At the moment I'm deep in the Spanish Civil War - the nostalgic flashbacks are drawing me in on the third book, I'm reading George Orwell and Laurie Lee because Rosa's heroic, romantic story is becoming as important as her granddaughter's. It's something I learned studying art history - wherever possible go back to first hand accounts. Listen to people who were actually there. Their voices are alive, have an immediacy that will inject your script with authenticity and vitality. The manuscript is rough - literally and figuratively. The copy is coffee, tear and toddler stained, the text could do with the literary equivalent of a week or two at Chiva Som. So could I. But with George and Laurie to help out, we'll get there.
My favourite part of any rewrite is getting the main love affair pitch perfect. The pilot is taking plane loads of children to Lapland tonight to see Santa (not ours, haven't dared tell them where Daddy is), so for an old married woman deciding how to seduce someone like Javier Bardem helps to pass those quiet hours after the children are asleep (I'm not quite ready for knitting however trendy its become). With all our recent talk of rebel photographers and rock star marriages, it made me think of one of my favourite films 'Trop Belle Pour Toi'. I don't know if all you lovely people subscribing get to see the video links but it's worth a look at the main blog if you have time, if only to see a dashing looking young Depardieu. A lovely friend acted with him in 'Mon Pere Ce Hero' and she said even then he made you go weak at the knees in person - you can see the attraction in this film. The jist of the story is he's married to the perfect woman (Carole Bouquet - art imitating life - beautiful, rich, connected), and yet he has an affair with his plain secretary. The affair brings passion to their lives. Why? Is it back to that old steak/hamburger dilemma we were talking about a few weeks ago with Paul Newman? Or - as a male acquaintance once charmingly described his unnerring pursuit of plainer girlfriends - is it that 'women like that are more grateful.' Perhaps it would be better to say that the more normal - or equally matched - you are, the more you can relax and enjoy yourself? What do you think?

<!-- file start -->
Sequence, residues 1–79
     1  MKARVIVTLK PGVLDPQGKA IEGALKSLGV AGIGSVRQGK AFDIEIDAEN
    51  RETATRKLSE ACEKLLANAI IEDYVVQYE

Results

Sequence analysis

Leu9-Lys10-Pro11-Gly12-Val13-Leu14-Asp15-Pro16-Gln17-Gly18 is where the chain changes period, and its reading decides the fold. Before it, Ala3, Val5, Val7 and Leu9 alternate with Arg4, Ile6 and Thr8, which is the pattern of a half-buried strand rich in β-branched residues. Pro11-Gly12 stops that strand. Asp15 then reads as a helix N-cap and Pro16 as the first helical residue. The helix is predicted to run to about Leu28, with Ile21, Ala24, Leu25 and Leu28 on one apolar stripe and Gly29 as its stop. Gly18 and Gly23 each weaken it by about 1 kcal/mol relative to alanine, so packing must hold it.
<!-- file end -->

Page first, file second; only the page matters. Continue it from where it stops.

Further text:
It is interesting what happens when you get two abnormally talented or beautiful people dating or married to one another. In any circle you have your prom king/queen. For celebs take Brangelina, Javier and Penelope or Johnny and Vanessa. What are the other great iconic relationships you can think of - Burton and Taylor for example? Have you ever had a really successful relationship with someone devastatingly attractive? (I've already regaled you about the boyfriend who liked to sit facing mirrors so he could watch himself talking to you ...) It's always struck me that with celebrities, (to quote Lady Di), there must be three or four of you in the relationship - you, them and your egos. Tough act. In the West at least tabloids and 'sleb' glossy magazines get huge mileage out of waiting for the tinder kegs to ignite. What's it like elsewhere in the world - I'd love to know. WKDN is in over 70 countries last time I checked - what's it like where you are?